quote by Kirk Hammett

I would have to say I'm bored with the standard rock, guitar solos, but I've done it for five albums now, and this time I wanted to go in a completely different direction. I wasn't interested in showing off any more.

— Kirk Hammett

Most Powerful Solo Album quotations

I am planning the release of 2NE1's new album for after CL finishes her solo activities. 2NE1 will surely show you good work until the expiration of their contracts.

I was going to record a solo album when I was 15 on a four-track.

I started working on it, but then Fall Out Boy happened. The band was awesome and took me in a totally different direction. I don't regret it at all, but the band delayed the record I had been planning.

I thought I'd do everything on four-track, and then I'll record every instrument myself in a studio, and then I'll have a solo album released by spring.

Nobody loves me. No, everybody wanted me to do this one by myself, and I wanted to do it by myself. So, this is sorta like my first solo album. I didn't pull any tricks out of my hat, and just went with the natural flow of the film.

Miles Davis was a part of my life from 1947 on.

I was born in 1941 and I first heard him in 1947 on a 78 rpm. And then I followed his career, starting with his first solo album in 1951. He was an icon and inspiration and a mentor to me.

Billboard called my solo album, 'Standing In The Spotlight,' a great party album and even said that my raps put the Beastie Boys to shame.

I knew I was destined to do a solo album, but when I did that first album in 1978, I had no idea it was going to be that well received.

I only do solo albums when songs are screaming at me to be let out of my mind.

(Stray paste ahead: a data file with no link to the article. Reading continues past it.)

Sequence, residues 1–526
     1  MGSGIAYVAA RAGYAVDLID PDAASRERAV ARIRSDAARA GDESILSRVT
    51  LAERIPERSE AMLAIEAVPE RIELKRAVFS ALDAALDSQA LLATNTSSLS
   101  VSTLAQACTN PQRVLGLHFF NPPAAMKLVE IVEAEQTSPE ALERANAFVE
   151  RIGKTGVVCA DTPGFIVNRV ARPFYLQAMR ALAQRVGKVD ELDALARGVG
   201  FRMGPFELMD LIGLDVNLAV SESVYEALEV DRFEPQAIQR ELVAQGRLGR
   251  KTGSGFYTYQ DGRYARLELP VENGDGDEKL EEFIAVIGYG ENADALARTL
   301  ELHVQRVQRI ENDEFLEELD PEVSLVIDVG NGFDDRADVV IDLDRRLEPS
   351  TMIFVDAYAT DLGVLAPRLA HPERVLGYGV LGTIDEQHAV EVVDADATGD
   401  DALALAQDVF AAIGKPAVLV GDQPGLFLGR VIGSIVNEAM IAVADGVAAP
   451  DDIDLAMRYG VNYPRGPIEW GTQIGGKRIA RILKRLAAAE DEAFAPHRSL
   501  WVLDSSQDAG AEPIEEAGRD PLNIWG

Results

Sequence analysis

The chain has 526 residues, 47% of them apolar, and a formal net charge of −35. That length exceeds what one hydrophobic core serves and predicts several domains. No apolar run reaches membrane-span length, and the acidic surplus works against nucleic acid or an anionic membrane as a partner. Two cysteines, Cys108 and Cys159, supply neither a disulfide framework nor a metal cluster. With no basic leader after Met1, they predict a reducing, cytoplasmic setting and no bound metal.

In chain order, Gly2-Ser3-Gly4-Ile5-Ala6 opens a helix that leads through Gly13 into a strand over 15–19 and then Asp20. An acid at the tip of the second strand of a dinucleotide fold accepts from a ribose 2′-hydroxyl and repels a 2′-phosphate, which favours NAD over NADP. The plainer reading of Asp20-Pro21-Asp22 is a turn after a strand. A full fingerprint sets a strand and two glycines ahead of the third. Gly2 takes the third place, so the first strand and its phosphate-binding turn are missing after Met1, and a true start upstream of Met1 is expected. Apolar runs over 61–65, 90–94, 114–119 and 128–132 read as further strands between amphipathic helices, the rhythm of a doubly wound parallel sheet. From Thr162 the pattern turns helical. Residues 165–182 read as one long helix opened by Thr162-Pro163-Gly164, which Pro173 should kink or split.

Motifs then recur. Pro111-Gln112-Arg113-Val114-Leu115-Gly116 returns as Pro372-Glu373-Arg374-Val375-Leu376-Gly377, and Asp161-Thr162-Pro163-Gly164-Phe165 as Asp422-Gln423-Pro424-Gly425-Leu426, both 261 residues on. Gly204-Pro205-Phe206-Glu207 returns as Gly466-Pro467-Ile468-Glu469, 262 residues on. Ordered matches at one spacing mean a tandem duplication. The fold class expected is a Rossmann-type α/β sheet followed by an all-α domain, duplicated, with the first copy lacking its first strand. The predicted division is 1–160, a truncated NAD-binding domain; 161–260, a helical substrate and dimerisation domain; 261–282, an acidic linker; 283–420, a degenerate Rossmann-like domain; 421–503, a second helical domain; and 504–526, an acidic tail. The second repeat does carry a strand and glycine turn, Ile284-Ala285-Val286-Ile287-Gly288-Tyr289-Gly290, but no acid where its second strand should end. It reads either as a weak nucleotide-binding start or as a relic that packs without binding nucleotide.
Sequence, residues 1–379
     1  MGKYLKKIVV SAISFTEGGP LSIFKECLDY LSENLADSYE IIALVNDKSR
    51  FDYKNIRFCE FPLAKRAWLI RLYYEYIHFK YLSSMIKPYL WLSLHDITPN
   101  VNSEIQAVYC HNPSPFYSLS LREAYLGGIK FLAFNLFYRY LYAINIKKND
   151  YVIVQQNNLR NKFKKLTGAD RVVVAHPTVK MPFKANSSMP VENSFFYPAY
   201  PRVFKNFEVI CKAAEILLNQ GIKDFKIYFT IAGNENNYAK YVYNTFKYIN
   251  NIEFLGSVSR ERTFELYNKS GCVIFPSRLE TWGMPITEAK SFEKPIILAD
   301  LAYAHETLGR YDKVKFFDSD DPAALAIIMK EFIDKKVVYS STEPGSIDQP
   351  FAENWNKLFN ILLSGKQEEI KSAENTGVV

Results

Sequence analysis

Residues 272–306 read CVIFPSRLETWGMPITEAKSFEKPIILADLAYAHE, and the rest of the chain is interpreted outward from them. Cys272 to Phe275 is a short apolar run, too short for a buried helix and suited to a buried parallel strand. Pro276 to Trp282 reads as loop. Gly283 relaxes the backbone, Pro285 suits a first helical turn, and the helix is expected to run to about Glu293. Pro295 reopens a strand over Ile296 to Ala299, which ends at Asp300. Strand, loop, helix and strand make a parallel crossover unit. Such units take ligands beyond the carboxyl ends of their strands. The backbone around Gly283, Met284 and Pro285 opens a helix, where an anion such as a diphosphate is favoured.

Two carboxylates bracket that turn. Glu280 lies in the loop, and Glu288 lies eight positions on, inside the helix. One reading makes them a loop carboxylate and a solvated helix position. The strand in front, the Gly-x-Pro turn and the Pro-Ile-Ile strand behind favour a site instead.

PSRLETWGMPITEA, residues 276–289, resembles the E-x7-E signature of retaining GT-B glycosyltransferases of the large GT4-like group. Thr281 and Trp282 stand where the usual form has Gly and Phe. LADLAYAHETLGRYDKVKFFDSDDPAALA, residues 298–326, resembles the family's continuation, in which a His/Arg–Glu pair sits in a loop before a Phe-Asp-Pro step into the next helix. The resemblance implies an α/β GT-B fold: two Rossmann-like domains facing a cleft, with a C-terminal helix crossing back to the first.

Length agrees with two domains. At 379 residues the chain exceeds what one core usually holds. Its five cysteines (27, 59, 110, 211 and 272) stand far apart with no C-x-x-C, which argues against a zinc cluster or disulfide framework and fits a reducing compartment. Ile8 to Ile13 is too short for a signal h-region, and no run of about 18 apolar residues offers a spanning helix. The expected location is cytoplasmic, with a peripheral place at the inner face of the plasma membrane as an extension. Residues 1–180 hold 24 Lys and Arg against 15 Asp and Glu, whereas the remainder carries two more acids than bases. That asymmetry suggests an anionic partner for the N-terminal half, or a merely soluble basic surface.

I think it would be nice to sell 15 million albums as a solo artist.

I'd have to deal with all the repercussions of that, but that wouldn't be too bad.

You know, I always root for the older athlete.

I root for the second album. I root for solo careers after the rock star breaks the band apart.

You don't make solo albums to have hits.

... Aqualung was a difficult and very tense album to record... while I was playing the solo, Jimmy Page walked into the control room and started waving, I thought, should I wave back and mess up the solo or should I just grin and carry on ? ... I just grinned

I enjoy making solo albums because over the years it's evolved into more of a genuine personal expression of story-telling and day dreams, and I work in a way that has more control.

My solo albums were each like a half-finished puzzle;

they represented only the beginning of a full picture. Simply put, they were inadequate and incomplete.

I don't wanna get into that space where a lot of guys now, their solo album is like eight or 10 songs with other people, you don't get an idea of who this guy is. I just wasn't interested in that.

Well, it's a nice quiet time for Iron Maiden, and I'll be releasing a new solo album next year, so this is a really good time for the managing out my solo career, which is quite well.

I did a lot of writing for a lot of different kinds of bands that I was in and out of during those five years and that left me with a little body of songs that I liked better when I played alone, so I ended up going out solo and very soon made my first album.

By the time I did that third solo album, I'd finally learned how to do it, but I'd also learned that I liked being in a band.

Between the Dinosaur Jr. albums and his recent solo albums, 'Several Shades of Why' and 'Heavy Blanket,' J Mascis is emerging as one of the last men from all that '80s indie madness, still writing songs that you want to listen to over and over.